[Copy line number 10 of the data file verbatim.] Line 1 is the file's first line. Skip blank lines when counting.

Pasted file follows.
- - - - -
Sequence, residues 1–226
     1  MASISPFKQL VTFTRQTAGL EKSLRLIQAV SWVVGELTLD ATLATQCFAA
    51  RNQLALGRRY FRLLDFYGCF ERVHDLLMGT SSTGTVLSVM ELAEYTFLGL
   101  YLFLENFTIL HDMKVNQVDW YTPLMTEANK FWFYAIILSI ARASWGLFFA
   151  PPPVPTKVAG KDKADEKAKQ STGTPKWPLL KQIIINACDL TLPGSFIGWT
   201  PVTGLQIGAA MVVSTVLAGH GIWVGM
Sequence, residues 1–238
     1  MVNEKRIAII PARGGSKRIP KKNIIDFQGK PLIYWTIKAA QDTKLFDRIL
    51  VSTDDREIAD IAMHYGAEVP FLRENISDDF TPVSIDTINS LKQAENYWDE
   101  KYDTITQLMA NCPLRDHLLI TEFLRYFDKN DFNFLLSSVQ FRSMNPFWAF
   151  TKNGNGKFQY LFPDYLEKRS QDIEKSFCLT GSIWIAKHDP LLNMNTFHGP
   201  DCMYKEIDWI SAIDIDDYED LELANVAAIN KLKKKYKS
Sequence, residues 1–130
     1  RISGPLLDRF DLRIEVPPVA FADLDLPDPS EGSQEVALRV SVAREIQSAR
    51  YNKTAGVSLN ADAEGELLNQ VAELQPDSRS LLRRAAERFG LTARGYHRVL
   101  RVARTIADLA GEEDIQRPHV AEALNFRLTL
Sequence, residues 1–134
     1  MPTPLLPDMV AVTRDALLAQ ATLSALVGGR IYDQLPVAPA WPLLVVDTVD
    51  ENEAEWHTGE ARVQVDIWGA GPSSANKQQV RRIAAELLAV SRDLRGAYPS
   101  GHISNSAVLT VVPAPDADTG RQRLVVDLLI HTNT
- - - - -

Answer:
   101  KYDTITQLMA NCPLRDHLLI TEFLRYFDKN DFNFLLSSVQ FRSMNPFWAF